If I knew then, I’d do it all again.


A conversation with a friend the other day, got me reflecting. We were discussing termination of pregnancy if you knew you would be having a special or high needs child. This is not a post for or against. But I answered honestly and adamantly that yes if I knew then what I know now, I would still have had my son, gladly and happily!
You see my son has bipolar, etc. But bipolar, etc is not my son.
Bipolar is one of those illnesses that greatly affect his personality, so in a way it is him.
And that’s fine with me!
I am open and honest about ALL things dealing with a child with high needs and mental illness is.  But I’m equally as open and honest about the good points, not just the bad.
So yes I would do it all again because my son is my son, my son and illness has brought me here. In 13 years I have grown and learned, and yes it would be lovely to not have to learn many things I have, the things I’ve learned so soon are so incredibly important. Words can not explain what we go through, but yes I would do it all again because it’s brought us…

1. Strength.  I’d be lying if I said there weren’t horrible, awful, exhausting, frustrating, heart breaking moments. And lots of them.  So many fears and private tears.  But I’ve learned I have an inner strength I didn’t know possible. That truly a mother’s love is like no other and can give you super hero powers.

2. Don’t stress the small stuff.  I’m a stress ball.  And this has been a life long fight for me.  I stressed about everything! Now I shrug my shoulders and sigh. Alot.  I often look at what others are stressed about and remind myself, that’s big in their life,  at this moment.  Because you see so much seems trivial, when you’re in the throws of crisis almost weekly. I’m slowly, very slowly learning about the big picture. And instead of stressing over the little things, that in 5 years won’t matter, I’m learning to breathe and remember this moment won’t last but that, a moment.

3. Grace. I’ve been on this journey a while now, and I’ve learned to be graceful. Not everyone understands. I’ve learned to debate, advocate and explain with grace and facts. With that combination I’ve seen doors open, understanding and cooperation.

4. Humour. If I can’t laugh, I’m lost.  Mostly at myself.  I screw up,  I fall down, I’m often high strung, on guard and exhausted. And more often than not if I laugh at my mistakes I’m better off.  The list is long,  and I’ve had to apologize and forgive myself tons.  But my humour makes me accept I’m also human.  Plus laughing is sometimes all you can do.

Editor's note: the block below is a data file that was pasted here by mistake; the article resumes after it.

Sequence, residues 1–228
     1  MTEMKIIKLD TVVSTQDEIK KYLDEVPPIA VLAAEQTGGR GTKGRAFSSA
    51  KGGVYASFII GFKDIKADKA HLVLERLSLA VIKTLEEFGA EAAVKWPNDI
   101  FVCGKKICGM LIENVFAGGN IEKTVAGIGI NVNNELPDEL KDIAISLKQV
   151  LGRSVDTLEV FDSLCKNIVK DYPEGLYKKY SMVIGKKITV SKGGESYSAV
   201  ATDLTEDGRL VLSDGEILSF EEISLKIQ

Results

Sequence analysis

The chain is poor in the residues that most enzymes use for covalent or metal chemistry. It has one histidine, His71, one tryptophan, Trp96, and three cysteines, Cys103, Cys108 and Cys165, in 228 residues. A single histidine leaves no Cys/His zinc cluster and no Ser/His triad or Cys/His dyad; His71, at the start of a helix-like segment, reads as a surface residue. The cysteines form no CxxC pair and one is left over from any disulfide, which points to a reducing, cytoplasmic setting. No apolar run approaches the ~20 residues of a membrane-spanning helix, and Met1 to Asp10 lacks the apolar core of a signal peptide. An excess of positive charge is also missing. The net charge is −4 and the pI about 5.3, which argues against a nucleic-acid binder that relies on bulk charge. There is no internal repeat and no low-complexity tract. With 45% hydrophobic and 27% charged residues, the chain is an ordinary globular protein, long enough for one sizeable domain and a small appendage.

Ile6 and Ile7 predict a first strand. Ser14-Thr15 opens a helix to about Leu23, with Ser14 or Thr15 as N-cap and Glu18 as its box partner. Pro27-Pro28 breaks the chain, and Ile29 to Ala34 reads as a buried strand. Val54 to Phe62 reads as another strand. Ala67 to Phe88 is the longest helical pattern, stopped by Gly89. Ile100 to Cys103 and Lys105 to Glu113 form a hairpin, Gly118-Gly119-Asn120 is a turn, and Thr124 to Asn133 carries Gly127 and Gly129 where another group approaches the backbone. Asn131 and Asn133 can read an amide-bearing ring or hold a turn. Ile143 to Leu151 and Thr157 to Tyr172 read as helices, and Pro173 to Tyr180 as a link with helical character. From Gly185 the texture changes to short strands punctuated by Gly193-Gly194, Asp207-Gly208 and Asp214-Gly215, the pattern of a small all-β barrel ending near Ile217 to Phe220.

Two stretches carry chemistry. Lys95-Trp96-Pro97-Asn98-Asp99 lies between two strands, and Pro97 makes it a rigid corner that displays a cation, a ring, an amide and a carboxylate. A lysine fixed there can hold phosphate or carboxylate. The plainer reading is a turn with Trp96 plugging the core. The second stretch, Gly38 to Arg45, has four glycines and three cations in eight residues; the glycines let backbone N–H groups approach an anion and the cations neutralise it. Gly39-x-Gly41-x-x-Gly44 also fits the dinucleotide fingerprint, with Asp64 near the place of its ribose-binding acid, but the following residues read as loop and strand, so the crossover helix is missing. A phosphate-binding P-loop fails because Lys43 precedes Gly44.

5. Compassion. I have always (I like to think) had a big heart. But let me tell you having a child with illness opens your heart more than you thought possible.  Judging others is almost non existent (almost, because we’re human and no matter what at some point we judge).  That homeless guy that others mock, say is a waste? I wonder what has led him here, and what can I do to help? That kid screaming in the store, that others will tell their parents to take out, spank or tell to shut up? I will ask if everything is OK, can I help? And so on. I find myself judging those who judge now the most. If you’re not them, don’t think you know or know better.

6. Open eyes. So often we don’t have our eyes fully open to others and their struggles. So often we close our eyes to reality. Mine are open. All the time.  I’m enjoying the little successes that are actually huge. I’m watching the little moments that I used to take for granted. I’m watching the pain, the suffering , but also the courage and love. I am more aware of friendships and family.  I’ve learned you truly never know when those eyes will close forever, so open them while you can!

My son is my hero  he is all of the above and more. He is empathetic to a fault, caring, kind, smart, courteous and by far the best son I could have asked for.
And if you’re one of the lucky one’s you’ll get to see that twinkle in his eye.
And that twinkle says it all.


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